POSTED: Saturday, May 18, 2013 - 12:00am
UPDATED: Saturday, May 18, 2013 - 12:04am
CNN — You wouldn't want to shower in it, but researchers have discovered pockets of water in a deep reservoir in Canada that may be up to 2.64 billion years old.
Researchers extracted the fluid from ancient rocks in a mine 1.5 miles underground in the area of Timmins, Ontario. In other mines, water has been found to support life, but scientists are still working to determine if there is life in this particular location. They say this is the oldest water found in such an environment.
We spoke with Chris Ballentine, professor of geochemistry at the University of Manchester in the United Kingdom, and senior author on this study, which published in the journal Nature. Here is an edited version of our email Q&A:
CNN: How did you find this ancient water?
Ballentine: My colleague in Toronto, Barbara Sherwood Lollar, project co-director, has been working on understanding the chemistry of these waters for many years. She suspected the water was very old because of the high levels of helium (which takes a long time to build up) contained in the water. I am developing new techniques to date underground water (an essential component when making safety cases for CO2 burial) and we decided to work together to put a proper age on these waters.
CNN: Do we think that there was life on Earth at that time?
Ballentine: Life was established on Earth by 3.5 billion years ago (Earth itself is 4.56 billion years old). The rocks containing the water we have analysed are about 2.7 billion years old. The Earth's surface would be teaming with very simple life - the ancestors of bacteria. Complex single-celled and multicelled organisms did not evolve until about 1.9 billion to 2.1 billion years ago. The water we have found is between 1.5 billion and 2.6 billion years in age.
CNN: Does this have any implications for life on other planets?
Ballentine: The system we have found is truly ancient and can support simple life. Our work tells us that Earth had a refuge for life during its earliest stages of formation - if life started there was a way for it to be preserved during continuing bombardment by meteorites that would make the surface of Earth barren - and could push back the time when life could have formed on Earth.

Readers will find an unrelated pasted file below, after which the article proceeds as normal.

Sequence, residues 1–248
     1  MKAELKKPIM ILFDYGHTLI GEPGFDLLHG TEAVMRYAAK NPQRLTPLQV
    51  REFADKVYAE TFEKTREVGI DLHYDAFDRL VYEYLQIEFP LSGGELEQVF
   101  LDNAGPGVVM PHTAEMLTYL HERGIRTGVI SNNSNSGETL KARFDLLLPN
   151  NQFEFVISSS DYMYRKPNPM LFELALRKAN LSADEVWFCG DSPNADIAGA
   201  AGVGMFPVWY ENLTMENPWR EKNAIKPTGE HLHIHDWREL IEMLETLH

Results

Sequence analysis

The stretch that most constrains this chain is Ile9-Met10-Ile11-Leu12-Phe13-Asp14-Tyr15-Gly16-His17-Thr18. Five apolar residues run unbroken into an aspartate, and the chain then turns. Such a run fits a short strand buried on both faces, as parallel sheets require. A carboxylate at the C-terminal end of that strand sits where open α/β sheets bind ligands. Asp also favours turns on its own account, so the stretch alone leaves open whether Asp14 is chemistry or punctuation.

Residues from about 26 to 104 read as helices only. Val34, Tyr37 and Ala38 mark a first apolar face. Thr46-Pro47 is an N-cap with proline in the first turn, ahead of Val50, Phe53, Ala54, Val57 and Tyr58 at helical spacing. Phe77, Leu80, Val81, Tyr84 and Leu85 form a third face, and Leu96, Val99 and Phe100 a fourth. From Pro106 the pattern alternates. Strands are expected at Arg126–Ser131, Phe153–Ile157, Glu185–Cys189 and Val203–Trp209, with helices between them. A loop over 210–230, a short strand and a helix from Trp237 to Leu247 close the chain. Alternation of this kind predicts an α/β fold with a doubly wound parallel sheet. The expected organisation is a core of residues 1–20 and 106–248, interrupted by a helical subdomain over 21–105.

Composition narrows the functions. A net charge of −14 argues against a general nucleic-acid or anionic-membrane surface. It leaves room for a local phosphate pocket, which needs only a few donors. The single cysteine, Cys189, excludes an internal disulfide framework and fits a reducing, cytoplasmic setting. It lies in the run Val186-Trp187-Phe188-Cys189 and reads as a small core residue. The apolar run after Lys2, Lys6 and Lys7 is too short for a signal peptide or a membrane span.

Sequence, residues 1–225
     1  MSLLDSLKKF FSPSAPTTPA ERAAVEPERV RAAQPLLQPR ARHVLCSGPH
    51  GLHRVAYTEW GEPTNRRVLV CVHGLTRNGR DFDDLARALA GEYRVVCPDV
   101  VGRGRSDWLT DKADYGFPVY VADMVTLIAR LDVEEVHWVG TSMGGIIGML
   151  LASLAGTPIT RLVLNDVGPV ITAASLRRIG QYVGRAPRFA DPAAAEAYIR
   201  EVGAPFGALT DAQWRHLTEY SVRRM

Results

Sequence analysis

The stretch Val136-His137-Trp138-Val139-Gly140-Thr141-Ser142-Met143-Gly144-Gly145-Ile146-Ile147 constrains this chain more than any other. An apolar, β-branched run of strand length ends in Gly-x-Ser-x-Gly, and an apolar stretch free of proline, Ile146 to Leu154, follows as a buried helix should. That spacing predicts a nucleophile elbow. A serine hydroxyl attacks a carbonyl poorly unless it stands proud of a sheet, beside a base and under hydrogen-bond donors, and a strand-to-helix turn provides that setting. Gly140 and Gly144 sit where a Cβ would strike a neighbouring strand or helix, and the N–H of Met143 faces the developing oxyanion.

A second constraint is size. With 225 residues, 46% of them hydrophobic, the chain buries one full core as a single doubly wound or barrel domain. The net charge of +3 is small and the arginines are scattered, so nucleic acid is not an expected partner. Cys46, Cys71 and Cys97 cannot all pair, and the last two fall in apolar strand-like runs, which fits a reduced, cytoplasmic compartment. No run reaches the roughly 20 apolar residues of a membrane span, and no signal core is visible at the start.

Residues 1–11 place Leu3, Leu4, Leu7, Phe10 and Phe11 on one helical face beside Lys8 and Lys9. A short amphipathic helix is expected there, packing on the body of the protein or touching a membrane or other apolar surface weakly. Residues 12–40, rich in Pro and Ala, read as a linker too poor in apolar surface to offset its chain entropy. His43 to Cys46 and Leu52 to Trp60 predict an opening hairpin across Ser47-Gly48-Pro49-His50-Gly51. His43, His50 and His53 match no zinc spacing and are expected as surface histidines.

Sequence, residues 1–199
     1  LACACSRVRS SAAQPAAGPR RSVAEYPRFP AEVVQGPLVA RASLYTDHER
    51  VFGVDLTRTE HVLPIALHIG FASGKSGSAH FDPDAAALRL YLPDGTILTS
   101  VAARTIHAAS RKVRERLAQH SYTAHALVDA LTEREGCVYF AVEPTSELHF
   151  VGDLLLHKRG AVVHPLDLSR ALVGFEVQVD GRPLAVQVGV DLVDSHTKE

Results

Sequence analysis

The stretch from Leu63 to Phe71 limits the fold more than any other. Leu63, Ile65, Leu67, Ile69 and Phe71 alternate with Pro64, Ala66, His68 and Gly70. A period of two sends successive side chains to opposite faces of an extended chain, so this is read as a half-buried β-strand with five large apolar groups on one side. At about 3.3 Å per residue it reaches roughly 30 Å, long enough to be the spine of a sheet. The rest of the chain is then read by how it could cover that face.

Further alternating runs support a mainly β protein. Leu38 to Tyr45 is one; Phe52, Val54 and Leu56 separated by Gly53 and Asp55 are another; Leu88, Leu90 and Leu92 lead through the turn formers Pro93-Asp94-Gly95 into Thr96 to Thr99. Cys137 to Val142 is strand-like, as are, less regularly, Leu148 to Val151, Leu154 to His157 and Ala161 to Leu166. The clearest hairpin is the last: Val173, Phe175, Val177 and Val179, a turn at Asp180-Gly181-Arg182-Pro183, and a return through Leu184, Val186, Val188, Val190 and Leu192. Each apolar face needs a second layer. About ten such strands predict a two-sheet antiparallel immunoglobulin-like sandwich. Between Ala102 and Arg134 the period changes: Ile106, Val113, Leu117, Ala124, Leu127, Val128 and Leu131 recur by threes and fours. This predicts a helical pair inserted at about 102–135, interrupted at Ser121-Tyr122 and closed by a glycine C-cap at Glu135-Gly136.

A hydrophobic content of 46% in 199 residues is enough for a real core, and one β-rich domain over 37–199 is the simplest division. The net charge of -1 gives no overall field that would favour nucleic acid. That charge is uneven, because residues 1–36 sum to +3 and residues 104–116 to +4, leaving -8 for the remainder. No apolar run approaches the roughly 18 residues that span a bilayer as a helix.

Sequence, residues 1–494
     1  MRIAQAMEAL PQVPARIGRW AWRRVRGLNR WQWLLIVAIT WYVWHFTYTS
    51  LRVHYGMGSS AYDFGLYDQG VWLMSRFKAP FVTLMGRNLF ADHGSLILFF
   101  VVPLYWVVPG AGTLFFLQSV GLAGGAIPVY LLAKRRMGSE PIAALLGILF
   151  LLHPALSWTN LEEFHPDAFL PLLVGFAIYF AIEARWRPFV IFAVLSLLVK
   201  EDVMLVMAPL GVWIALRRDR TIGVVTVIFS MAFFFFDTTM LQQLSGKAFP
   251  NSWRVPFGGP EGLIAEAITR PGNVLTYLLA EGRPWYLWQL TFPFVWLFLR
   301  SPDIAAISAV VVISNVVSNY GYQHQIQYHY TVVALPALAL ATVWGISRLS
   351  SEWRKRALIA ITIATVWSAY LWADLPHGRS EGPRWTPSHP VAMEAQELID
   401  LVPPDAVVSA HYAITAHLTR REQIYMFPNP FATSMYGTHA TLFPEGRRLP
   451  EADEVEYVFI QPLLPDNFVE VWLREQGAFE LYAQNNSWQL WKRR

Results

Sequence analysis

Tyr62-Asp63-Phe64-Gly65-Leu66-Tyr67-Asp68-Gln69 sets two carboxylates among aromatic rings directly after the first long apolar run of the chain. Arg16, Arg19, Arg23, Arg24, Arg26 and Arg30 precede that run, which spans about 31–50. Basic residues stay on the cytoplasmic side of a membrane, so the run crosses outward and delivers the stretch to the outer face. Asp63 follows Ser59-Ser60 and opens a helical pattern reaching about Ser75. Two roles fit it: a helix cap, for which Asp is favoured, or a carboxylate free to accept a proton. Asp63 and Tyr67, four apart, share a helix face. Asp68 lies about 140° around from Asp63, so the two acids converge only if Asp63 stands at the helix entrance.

Equally on somewhere like Mars, any life that formed could have found its way into similar pockets of water in the Martian crust, and our work shows that these pockets of water can survive and provide a place for the life to have survived long after the surface of Mars lost its water and became sterile.
CNN: Can you describe the environment in which this was found?
Ballentine: These are waters that come out of the rock from exploration boreholes deep in the copper-zinc mine. The samples we have collected pour out of only some boreholes, but they can flow for months. The environment is dark, dusty, very noisy and hot.
CNN: Is it drinkable?
Ballentine: Alas not. The water is crystal clear when it first comes out of the rock and looks very tempting, bubbling with gas. But actually it is too salty to drink (it is a brine), and the gas instead of carbon dioxide is a mixture of methane, hydrogen, nitrogen and helium!